Why is it that neither the debate host nor the heads of the other political parties stopped the foreign minister as he alluded to the expulsion of one out of every five Israelis?
By Oren Persico
When does staying silent become collaboration? Last Thursday, Channel 2 hosted a debate between the heads of all the major parties (aside from Netanyahu and Herzog). During the debate, Yisrael Beiteinu leader Avigdor Liberman directed some pretty harsh language against Joint List head Ayman Odeh.
Liberman claimed that Odeh and his friends in the Joint List represent terrorist organizations and said they should be put on trial for incitement and sedition, in light of Odeh calling on young Arabs not to participate in Israel’s national service. When Odeh remarked that Arabs represent 20 percent of Israel’s citizens, Liberman responded, “for now.” Liberman continued referring to Odeh as a “fifth column” throughout the debate.
(Watch Liberman in Hebrew here.)
The following day, host Yonit Levy received much praise over her ability to keep the debate orderly and navigate a complex situation under previously-established rules. However, in the moments of truth, Levy remained almost entirely silent. It was close to the end, when every party head got the chance to ask another a question. Liberman used his time to turn to Ayman Odeh (without mentioning his name) and ask him the following questions:
Why are you in this studio rather than a studio in Gaza? Why are you running for the Israeli Knesset instead of being elected in Ramallah? Why are you even here. You are not wanted here. You are a Palestinian citizen, you identify as Palestinian, so go to Abu Mazen [Mahmoud Abbas] — he will pay your salary, your unemployment benefits, your convalescence, your laziness benefits.
Despite the fact that the party heads interrupted one another constantly, when Liberman told Odeh, “you are not wanted here,” no one cut him off. Not Meretz chairwoman Zehava Galon (who condemned Liberman’s words later on in the debate), not Yesh Atid leader Yair “Zoabis” Lapid, not any of the other six Jewish elected officials who took part in the debate. No one said “stop it.” No one made clear that such rhetoric is unacceptable. The only person who responded to Liberman was host Yonit Levy, who only mae a factual correction: “He is an Israeli citizen, Mr. Liberman.”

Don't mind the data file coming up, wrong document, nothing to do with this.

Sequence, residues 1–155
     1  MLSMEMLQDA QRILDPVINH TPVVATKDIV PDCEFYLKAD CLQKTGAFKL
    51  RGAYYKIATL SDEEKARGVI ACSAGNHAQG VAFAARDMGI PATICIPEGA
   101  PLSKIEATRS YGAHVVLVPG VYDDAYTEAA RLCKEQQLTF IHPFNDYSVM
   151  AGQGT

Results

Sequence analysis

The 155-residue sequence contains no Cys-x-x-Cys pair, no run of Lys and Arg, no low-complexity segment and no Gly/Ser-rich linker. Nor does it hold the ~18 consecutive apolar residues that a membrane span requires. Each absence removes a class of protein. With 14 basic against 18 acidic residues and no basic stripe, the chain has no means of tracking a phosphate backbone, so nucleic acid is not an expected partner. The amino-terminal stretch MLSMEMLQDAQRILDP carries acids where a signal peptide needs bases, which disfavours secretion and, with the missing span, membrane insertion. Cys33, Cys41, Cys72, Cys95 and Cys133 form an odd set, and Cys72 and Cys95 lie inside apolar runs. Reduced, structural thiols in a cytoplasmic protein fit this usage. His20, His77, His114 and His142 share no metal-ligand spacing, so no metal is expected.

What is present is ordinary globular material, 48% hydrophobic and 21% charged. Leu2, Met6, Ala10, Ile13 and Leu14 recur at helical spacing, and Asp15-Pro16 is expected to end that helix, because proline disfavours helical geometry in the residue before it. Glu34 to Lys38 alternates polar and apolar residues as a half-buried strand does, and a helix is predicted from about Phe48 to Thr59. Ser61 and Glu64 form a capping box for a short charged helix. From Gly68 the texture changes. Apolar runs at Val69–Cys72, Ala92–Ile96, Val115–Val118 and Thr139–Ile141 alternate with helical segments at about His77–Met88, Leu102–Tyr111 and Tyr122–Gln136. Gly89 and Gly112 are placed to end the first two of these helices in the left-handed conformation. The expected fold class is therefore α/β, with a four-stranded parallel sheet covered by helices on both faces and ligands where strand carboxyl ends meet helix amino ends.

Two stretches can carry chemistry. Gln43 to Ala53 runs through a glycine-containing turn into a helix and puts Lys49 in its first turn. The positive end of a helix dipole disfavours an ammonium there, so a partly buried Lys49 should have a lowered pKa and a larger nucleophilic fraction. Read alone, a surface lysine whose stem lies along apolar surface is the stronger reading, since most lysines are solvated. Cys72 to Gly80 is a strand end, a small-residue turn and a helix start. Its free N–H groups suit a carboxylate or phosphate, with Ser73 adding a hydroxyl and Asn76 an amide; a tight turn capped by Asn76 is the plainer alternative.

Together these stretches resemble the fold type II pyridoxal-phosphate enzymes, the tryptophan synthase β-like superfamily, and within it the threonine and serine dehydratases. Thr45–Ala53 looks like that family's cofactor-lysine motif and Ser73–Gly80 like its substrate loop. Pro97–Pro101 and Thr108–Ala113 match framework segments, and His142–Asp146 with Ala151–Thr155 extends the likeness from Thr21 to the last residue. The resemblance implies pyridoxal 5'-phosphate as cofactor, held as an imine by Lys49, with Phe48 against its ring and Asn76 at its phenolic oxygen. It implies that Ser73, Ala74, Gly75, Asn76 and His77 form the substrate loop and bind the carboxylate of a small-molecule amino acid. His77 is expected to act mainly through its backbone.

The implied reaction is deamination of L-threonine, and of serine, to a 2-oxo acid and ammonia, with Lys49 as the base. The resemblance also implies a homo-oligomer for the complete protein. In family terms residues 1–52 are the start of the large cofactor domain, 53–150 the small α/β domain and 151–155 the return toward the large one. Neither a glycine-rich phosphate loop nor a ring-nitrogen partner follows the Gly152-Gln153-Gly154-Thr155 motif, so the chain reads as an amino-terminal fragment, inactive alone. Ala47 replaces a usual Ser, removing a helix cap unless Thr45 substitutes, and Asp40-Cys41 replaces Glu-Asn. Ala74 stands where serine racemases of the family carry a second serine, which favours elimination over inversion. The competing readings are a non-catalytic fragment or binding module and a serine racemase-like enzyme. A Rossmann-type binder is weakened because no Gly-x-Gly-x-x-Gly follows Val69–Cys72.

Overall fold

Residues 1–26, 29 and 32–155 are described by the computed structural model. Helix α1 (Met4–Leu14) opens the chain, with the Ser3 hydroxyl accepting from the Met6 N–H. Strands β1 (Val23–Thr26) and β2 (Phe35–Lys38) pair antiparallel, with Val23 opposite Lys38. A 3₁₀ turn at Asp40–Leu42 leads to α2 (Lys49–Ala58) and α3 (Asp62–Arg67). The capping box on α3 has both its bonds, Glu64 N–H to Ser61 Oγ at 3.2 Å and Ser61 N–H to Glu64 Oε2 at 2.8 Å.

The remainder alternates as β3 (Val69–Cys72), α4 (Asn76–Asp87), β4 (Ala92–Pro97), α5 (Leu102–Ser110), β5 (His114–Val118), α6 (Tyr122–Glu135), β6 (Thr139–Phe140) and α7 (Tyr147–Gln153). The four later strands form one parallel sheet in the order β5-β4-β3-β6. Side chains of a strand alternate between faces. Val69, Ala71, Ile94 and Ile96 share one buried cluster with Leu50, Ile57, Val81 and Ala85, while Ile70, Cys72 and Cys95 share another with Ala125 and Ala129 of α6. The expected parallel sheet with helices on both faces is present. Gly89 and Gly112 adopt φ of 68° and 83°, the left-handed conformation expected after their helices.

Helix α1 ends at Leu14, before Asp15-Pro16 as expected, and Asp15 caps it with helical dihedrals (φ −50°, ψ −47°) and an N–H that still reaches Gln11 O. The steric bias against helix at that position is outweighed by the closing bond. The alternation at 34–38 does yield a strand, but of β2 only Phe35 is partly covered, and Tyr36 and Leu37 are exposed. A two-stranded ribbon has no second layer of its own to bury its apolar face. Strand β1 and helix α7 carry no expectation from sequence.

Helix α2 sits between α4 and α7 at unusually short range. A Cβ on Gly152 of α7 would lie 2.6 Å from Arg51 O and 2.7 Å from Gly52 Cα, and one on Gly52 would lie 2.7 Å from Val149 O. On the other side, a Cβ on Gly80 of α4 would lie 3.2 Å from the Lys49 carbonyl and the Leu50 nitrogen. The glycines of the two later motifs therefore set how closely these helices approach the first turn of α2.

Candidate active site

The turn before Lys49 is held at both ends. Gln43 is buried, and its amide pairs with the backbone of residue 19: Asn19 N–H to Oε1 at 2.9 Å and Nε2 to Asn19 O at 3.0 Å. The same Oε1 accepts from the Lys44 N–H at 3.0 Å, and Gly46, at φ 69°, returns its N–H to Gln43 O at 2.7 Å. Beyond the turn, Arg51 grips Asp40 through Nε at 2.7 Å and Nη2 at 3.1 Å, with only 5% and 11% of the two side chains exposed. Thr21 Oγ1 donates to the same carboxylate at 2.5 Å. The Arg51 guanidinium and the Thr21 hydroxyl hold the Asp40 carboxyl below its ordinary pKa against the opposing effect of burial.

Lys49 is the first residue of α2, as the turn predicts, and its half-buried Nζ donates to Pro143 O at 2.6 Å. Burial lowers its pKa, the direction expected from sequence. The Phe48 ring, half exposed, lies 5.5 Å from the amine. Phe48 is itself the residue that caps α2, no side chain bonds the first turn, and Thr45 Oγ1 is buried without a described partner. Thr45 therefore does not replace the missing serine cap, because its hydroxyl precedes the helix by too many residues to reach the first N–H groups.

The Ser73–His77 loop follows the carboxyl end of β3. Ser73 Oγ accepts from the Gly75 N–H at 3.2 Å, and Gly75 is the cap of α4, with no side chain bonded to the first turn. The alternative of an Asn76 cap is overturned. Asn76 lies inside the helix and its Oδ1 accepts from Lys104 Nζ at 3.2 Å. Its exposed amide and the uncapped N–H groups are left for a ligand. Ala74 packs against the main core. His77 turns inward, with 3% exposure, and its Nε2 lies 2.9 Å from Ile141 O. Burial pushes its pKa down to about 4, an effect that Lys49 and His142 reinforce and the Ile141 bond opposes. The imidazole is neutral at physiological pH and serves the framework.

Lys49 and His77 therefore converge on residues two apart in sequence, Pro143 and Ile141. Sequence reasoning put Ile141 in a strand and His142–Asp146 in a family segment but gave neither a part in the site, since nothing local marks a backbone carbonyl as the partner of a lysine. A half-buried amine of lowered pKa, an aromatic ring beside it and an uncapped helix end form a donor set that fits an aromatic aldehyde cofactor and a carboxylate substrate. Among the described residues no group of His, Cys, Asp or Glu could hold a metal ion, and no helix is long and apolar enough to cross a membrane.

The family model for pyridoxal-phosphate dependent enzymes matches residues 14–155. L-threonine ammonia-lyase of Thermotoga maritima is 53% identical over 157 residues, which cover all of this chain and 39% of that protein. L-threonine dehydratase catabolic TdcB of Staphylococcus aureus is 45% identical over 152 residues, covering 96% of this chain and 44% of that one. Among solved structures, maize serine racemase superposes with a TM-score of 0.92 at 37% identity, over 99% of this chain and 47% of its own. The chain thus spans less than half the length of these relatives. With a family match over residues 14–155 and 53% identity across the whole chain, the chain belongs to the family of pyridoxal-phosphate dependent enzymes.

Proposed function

Factual corrections are simply not enough in this case. In effect, Liberman called for expelling Odeh and his voters from Israel, and Levy did not even respond with a polite rejection, something along the lines of: “He is wanted here, we invited Ayman Odeh and we are happy that he came to the debate.” Liberman undermined the very basis of democracy on national television, and received only a limp response. Do we really need to imagine the prime minister of a European country telling the head of a Jewish party that he or she is “not wanted here” in order to understand how grave Liberman’s statement was?
Another debate is set to take place soon on Channel 1. If Liberman repeats those kinds of statements, the heads of the other parties will an opportunity to repair the impression they left in the last round, and defend Odeh’s right, and the right of his supporters, to continue living as Israeli citizens. If Liberman says “you are not wanted here” to the head of the Joint List, host Yaacov Eilon will have the opportunity to maintain a bit of the Israeli media’s respect, to stop the head of Yisrael Beiteinu and put him in his place.